The vampires, having politely left them alone for some time, now decide to cut the power to the shop (Abraham awesomely shoot son but is too late to stop the power going out).

Monday, September 1, 2014

The Witch with No Name (Hollows #13) by Kim Harrison

Cormel, Undead Master vampire, is finally tired of waiting for Rachel to discover how to preserve their souls after death. He wants results and he wants them now – or Ivy dies.

You’d think angry Master vampires would be enough for anyone to deal with – but the Dewar of the elves is forming their own plans – machinations that could have dire consequences not just for the vampires caught in their manipulations – but the future of magic itself.

Throw in Earthbound demons, pixies that can’t fly and the elven goddess coming back and gunning for Rachel and it feels like everything is collapsing at once – and only Rachel can put it together again.

This is the last of the Hollows Series and I’m not sure how to react to that

Actually, that’s a lie. I react to that by weeping inconsolably, running around the house babbling incomprehensibly in between screaming “WHYYYYYYYYYY?! at an uncaring sky before huddling in a corner, clutching my tablet and rocking back and forth, occasionally pleading with the universe for just one more book.

But that rather lacks dignity, it has to be said.

This book, the last book (NOOOOO), just makes all of that even worse! Because it is pretty much the perfect ending to the Hollows Saga, it draws upon so much that has made this series awesome ; it manages to both perfectly cap this awesome series and remind me how awesome this series is and how it CANNOT END! NOOOOO!

Ok, I’m trying to write a coherent review, I really am – but all I keep hearing is “NOOOOOOOOOOOO!” repeating over and over in my head.

This story brings together this awesome world, bringing it back to its core and underscoring everything we’ve already learned – that basically nearly everything out there is a result of the Elves vs Demon conflict – the vampires and their lack of souls and their whole toxic society and culture, the weres, the witches, the curses on the elves and the demons, the ever-after, ley lines etc. I love how the power of this is shown through the eyes of those around Rachel – especially Trent and Al – we see that hatred that is saturated in their cultures but we also see the guilt; the awareness of the sheer atrocities both species have inflicted not just on each other but also on the world in general is really prevalent throughout the book.

Another constant reminder is just how broken their world actually is – how everything is pretty much wrong; like the undead vampires and their constant, normalised abuse, the FIB and their inability to enforce the law and the IS and their unwillingness to do so and so many other little hints.

Intruders, Season 1, Episode 2: Time Has Come Today

After Madison, apparently possessed by an adult man called Marcus, went wandering her mother is obviously distraught. Madison returns to herself in the middle of a Portland bus station, checking her pockets as memories of what she did while possessed come back – her reaching Portland, meeting a woman who welcomed her back and gave her a book (which has the cryptic forward “in the beginning there was death), a wadge of cash, a key and a ticket to Seattle.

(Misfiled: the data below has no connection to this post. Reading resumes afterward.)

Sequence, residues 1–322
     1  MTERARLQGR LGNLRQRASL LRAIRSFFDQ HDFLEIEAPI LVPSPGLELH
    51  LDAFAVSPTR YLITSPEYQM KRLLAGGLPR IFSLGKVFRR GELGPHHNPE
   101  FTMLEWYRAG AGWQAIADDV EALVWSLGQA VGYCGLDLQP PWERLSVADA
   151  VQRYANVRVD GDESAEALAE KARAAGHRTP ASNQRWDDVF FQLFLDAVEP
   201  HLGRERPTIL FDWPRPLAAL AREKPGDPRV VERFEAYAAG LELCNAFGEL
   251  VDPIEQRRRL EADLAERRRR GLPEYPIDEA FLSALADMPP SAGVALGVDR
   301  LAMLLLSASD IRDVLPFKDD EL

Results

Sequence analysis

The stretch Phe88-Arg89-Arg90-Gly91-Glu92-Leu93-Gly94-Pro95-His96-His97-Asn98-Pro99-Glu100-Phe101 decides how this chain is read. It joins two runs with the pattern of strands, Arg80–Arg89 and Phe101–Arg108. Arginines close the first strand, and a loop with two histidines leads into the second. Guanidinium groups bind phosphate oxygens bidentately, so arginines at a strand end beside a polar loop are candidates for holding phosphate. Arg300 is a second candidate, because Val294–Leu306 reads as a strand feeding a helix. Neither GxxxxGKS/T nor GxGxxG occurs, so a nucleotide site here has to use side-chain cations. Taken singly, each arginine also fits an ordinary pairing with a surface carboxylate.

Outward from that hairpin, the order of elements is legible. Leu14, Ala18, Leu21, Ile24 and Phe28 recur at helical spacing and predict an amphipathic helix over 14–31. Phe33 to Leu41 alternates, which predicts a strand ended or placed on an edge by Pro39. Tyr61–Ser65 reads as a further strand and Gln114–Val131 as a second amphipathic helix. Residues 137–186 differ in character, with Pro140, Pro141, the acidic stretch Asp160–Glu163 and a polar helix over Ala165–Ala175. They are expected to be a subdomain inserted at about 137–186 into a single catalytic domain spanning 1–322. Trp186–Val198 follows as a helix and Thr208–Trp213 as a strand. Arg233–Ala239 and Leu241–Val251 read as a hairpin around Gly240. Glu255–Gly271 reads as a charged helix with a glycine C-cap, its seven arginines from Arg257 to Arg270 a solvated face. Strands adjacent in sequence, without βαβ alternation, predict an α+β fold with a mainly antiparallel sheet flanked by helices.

She reads the book and it talks about living other lives, of her getting used to odd memories and the Cuiera Verde (very likely spelt wrong) and very cryptic and awesomely ominous lines about death –a and there being no such thing. Ominous crypticness interrupted by the attendant telling her she can’t get on the train without an accompanying adult. Marcus rises to the surface and snarls and threatens

Naturally Madison’s mother calls the police and her husband, Simon Madison’s father (the police, naturally, suspect him but she collapses in his arms). Their crying in each other’s arms is interrupted by the Nefarious Shepherd’s arrival, assuring them he will find their daughter. He asks lots of questions that make sense if you know she’s been possessed but otherwise sound deeply creepy and Madison’s parents quickly become suspicious. Rather than be kicked out he tells Simon about Alison cheating on him – for some bizarre reason he decides to believe Shepherd, a complete stranger he met seconds ago and storms out the house and she runs out after him. This didn’t actually further his investigation at all, I think Shepherd just likes being a bastard.

Alone in the house he searches it and finds a notebook with pages torn out, when he does a pencil rub on the indents he sees Marcus’s ominous warning “what goes around comes around.”

Shepherd goes to an address in Chinatown he asked the parents about – and which Madison visited. He breaks in and knocks aside a guy in his way to ask a woman where Madison went. Complete with violent threat – while she wants to know what Shepherd he’s done (9 year olds are unprecedented apparently) in and that the book was not prepared for Marcus Fox. She says “they” will kill them and Shepherd threatens to kill her anyway – and we have a fight scene with some random Asian man (martial arts, of course). Shepherd wins and kills the man – then the woman as she begs him not to.

He goes to the station to try and find Madison, but she runs out when he appears and hides from him (managing to look very ominous). Madison pays a bystander to take her to Seattle and reads the book – which talks about dying and returning

In Seattle, Jack is still looking for his wife, Amy, has gone to the office of Kerry, Crane and Hardy, the name of the company he found in her phone. He’s taken to see Todd Crane who clearly knows Jack but it looks like Jack doesn’t remember him (obviously pretending he does in one of those horrible awkward social moments); Todd claims that Amy hasn’t actually been in the office all week and more awkward with-each-seeming-to-suspect-the-other follows.

Cut to – flashback, flashforward? I’m not even sure. Anyway Jack wakes up next to Amy who has an odd dream that involves lots of fondling her own arms before waking up and speaking another language - Russian? She wakes up – but refers to herself in the third person and says that line that keeps coming up “in the beginning there was death.”